What we learned in the Chargers' 21-0 win against the Denver Broncos

Here’s what we learned from the Chargers' 21-0 win Sunday against the Denver Broncos:

1. We had it all wrong.

The big reasons for optimism with the Chargers this offseason tended to do with their offense, where the team appeared to be absolutely loaded.

There was an embarrassment of riches at wide receiver, a workhorse running back, an elite tight end and a future Hall of Famer in Philip Rivers at quarterback. But through seven games — and in particular the last three — we were focused on the wrong side of the football.

As we near the halfway point of this season, it’s clear the Chargers defense, particularly the pass defense, is what could get this team over the hump.

Joey Bosa has been nearly unblockable, Melvin Ingram is too athletic for almost every offensive lineman he comes into contact with, and Chris McCain has been one of the biggest surprises in the NFL this season.

The trio had Denver quarterback Trevor Siemian incredibly uncomfortable, forcing bad decisions when the good decision might’ve been simply taking a knee to avoid the punishment.

When the Broncos did get a pass off, cornerbacks Trevor Williams and Casey Hayward were more than suitable in coverage.

For the team to really threaten a run at the postseason, the offense is going to have to figure things out, but in the meantime, this defense has been special.

2. The Chargers corrected a big issue.

In the week leading up to the game with Denver, Anthony Lynn and the other Chargers coaches openly spoke about how the two teams were so well-acquainted with one another.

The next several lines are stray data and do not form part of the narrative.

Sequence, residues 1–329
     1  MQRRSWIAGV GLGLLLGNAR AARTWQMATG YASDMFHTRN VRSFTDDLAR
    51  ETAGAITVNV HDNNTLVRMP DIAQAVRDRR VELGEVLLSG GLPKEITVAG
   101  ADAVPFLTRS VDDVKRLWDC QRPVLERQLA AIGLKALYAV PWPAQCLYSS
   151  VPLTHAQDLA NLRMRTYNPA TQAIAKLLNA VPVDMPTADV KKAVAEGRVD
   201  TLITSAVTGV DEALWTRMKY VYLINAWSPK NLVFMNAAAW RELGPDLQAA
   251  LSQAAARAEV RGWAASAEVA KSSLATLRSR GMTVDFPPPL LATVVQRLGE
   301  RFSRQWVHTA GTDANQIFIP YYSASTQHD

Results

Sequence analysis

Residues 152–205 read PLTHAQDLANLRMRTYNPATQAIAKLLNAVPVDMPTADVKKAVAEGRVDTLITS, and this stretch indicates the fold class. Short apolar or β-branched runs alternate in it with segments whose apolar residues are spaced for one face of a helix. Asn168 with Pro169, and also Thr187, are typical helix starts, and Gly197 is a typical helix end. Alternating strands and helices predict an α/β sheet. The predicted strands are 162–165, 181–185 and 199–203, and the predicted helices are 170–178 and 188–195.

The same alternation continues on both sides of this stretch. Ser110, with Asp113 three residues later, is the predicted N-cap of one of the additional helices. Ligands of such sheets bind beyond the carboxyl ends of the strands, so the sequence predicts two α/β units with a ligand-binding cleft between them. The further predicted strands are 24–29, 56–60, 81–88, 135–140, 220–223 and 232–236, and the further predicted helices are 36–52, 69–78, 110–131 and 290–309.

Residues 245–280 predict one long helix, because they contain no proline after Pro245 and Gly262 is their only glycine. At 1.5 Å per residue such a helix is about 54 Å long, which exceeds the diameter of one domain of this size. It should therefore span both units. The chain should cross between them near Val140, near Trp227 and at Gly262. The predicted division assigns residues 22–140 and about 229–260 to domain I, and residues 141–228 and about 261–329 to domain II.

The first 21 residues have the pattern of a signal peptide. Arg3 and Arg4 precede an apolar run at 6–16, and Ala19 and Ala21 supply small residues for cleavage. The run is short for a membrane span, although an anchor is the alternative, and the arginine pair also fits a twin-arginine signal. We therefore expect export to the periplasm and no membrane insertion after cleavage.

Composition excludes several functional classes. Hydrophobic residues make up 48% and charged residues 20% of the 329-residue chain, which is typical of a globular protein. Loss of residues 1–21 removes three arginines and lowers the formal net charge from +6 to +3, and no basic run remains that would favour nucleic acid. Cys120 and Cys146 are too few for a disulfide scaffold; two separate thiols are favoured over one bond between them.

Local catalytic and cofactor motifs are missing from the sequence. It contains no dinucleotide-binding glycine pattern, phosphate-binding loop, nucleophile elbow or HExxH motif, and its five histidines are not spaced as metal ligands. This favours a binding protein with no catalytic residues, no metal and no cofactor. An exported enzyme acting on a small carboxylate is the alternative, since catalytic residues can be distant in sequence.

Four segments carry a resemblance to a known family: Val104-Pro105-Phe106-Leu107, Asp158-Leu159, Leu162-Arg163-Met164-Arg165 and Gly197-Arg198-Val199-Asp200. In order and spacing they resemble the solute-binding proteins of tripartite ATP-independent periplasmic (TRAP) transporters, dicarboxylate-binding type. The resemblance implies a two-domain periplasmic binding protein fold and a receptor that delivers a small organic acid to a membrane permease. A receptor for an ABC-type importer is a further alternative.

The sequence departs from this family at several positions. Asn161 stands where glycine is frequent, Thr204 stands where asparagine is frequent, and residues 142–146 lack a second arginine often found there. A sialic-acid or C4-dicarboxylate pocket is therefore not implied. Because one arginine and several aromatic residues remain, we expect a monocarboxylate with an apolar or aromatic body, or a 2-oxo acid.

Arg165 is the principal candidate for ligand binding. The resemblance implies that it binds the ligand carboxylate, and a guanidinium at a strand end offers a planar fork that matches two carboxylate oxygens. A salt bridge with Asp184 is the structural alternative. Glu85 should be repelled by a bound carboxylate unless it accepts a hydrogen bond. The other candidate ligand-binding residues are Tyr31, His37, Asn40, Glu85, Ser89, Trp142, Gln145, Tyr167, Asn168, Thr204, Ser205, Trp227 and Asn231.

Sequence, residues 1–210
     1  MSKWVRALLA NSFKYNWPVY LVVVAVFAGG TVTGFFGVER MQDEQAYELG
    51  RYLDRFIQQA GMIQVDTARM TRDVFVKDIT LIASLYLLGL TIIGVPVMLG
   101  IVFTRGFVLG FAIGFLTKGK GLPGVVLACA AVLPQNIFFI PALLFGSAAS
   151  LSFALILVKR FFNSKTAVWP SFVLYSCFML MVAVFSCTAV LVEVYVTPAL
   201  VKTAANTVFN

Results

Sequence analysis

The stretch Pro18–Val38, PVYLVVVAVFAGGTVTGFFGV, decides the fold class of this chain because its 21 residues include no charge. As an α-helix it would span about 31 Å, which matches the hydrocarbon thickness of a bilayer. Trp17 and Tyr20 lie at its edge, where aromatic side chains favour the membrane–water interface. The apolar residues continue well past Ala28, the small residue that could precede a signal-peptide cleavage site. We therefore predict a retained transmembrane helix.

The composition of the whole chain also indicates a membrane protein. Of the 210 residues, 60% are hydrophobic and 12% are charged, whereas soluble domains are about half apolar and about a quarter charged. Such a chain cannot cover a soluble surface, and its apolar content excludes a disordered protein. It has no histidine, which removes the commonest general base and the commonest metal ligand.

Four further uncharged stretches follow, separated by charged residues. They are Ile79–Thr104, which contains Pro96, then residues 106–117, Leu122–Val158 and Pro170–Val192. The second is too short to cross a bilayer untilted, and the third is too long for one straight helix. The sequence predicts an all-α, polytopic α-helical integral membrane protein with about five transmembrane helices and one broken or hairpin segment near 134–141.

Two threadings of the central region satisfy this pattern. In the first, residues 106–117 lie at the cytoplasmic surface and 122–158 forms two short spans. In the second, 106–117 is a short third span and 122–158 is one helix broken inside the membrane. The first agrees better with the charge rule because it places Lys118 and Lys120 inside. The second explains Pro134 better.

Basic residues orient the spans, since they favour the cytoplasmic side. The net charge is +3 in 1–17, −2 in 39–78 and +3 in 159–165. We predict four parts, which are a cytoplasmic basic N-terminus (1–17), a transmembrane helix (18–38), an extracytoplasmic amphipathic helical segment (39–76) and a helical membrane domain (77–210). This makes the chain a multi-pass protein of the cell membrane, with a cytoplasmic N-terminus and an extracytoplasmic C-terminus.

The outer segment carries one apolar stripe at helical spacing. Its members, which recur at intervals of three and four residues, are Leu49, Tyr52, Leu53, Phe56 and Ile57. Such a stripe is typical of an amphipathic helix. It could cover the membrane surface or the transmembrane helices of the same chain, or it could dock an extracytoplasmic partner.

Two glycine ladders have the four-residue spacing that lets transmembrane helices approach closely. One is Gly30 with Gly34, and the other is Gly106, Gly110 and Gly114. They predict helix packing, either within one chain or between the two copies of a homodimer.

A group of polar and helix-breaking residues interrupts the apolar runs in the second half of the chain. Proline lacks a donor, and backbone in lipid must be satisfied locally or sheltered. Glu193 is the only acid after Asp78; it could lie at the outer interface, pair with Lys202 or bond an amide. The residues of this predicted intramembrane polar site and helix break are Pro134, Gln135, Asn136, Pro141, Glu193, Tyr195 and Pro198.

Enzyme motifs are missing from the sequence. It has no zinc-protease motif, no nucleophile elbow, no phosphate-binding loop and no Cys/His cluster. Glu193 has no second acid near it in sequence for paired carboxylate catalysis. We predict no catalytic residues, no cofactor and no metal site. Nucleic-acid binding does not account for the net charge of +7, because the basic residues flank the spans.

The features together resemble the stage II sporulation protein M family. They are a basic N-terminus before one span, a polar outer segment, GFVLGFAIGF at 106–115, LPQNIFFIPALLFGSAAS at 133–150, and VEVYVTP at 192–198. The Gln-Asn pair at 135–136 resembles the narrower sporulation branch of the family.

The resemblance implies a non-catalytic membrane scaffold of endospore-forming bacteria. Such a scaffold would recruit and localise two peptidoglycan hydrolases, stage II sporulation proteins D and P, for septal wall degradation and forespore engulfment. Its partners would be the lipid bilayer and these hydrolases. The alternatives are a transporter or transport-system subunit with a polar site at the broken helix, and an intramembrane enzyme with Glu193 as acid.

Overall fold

Obviously, they’re divisional rivals, and amplifying things, they played just six weeks earlier.

Denver, of course, knew this Charger team was susceptible to the ground game. Denver, of course, wanted to exploit that because running the football is one of their biggest strengths.

And the Chargers, of course, knew they were going to have to be better than they’ve been all year to stop them.

Playing with more controlled aggression and a greater sense of discipline, the Chargers defense didn’t just hit the quarterback — the group totally took the Broncos ground attack out of the game.

Denver rushed just for 69 yards — their second lowest total of the season.

And while it needs to be noted that the Broncos were shorthanded on the offensive line, the Chargers were the more physical team — something that’s not been true that often this year.

3. They’re still in this.

The Raiders are trying to recapture the mojo that made them a preseason favorite in the AFC. The Broncos are badly beaten up and don’t have the depth they need to support a quarterback as “meh” as Siemian. And the Kansas City Chiefs, probably the best team in the NFL for the first month, have lost two straight games.

And while the rest of the division has scuffled, the Chargers have made the most of their schedule and some good fortune to win three straight games, giving them a chance — while still a slender one — for postseason glory.

The Chargers’ winning streak will be tested in the upcoming weeks — games against New England, Jacksonville, Buffalo and Dallas all have unique challenges.

But, after going 0-4 to start the year, Sunday’s win gave the team more than confidence. It gave them a chance. It gave them a reason to keep playing hard. 
And if you like trends, you have to like how the Chargers have seemingly gotten better each week.

A month ago, this game in New England would’ve been meaningless.

Now, an upset win would bring them back to .500 and put them square in the middle of the playoff race.

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